Jeb Bush: Too Liberal To Be The GOP Nominee?

Could Jeb Bush, former Florida governor and brother of President George W. Bush, be too liberal to win the GOP nomination in 2016? This is the question raised by Nate Silver of FiveThirtyEight. Bush has been perceived by some to be moving in the “liberal” direction by making statements in favor of comprehensive immigration reform and “Common Core” education policies, among other issues on which Jeb Bush has made major states.

“But is Bush in the mold of Jon Huntsman and Rudy Giuliani — candidates who generated lots of buzz among the East Coast media elite but proved too moderate for the Republican base? Or is he more like the past two Republican nominees, Mitt Romney and John McCain, who also were accused of being too moderate but won their party’s nomination?” Nate Silver asked about Jeb Bush.

Fox News is reporting that Jeb Bush is drawing praise from liberals and flak from GOP conservatives. While Bush is praised for his immigration views, appeal to Hispanics, and support for education reform, Fox News notes, “Unfortunately for Bush, it’s mostly liberals who are saying these things.”

Ironically, MSNBC raises the question of whether Republicans will care about Jeb Bush having been, as it refers to him, a “severely conservative governor” while currently being perceived as less conservative a presidential candidate.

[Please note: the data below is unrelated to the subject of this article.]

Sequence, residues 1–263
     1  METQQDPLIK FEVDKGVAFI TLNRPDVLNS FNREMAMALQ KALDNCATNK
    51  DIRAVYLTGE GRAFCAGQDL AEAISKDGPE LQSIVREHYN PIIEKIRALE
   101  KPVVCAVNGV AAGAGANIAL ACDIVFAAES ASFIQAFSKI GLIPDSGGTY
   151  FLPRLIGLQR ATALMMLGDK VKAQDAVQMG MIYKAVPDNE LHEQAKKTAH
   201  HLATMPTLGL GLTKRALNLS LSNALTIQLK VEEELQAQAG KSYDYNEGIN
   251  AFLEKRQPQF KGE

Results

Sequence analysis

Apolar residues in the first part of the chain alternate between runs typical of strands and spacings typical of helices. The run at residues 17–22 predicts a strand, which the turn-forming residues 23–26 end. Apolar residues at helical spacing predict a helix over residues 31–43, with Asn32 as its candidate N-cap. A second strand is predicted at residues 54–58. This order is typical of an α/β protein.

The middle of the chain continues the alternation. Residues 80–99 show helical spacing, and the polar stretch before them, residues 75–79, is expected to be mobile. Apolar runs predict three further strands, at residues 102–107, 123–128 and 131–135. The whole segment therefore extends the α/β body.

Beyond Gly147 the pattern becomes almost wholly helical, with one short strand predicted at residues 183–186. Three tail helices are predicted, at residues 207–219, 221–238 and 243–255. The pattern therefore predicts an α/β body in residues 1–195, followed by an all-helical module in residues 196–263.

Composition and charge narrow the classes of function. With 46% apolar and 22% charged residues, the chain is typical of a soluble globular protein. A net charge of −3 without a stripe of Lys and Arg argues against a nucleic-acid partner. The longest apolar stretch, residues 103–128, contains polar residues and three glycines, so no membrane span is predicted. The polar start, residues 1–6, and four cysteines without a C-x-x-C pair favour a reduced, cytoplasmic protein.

“For us who live in Florida, who experienced the eight-year Jeb Bush governorship, it’s almost laughable and maybe even hysterical for people who live outside of Florida to claim that he’s a moderate,” MSNBC reported former state House Speaker Will Weatherford telling Tampa Bay Times reporter Adam Smith.

Nate Silver conducted an ideological analysis of recent GOP candidates for president, including Jeb Bush, and it shows Bush among the least conservative candidates compared to many others, including Rand Paul and Ted Cruz. Chris Christie is the most prominent likely 2016 GOP candidate that is less conservative than Jeb Bush. Silver concludes that Jeb Bush is ideologically similar to Mitt Romney or John McCain, but more conservative than Jon Huntsman or Rudy Giuliani.

Jeb Bush is already taking fire from the right, as Inquisitr reported a few days ago, in the form of criticism and an advertisement from Rand Paul regarding Bush’s views on “Common Core” and immigration reform. Jeb Bush can be expected to face opposition from the conservative and Tea Party factions of the Republican Party, and it will again raise the question of whether Jeb Bush is insufficiently conservative enough to win the GOP nomination.

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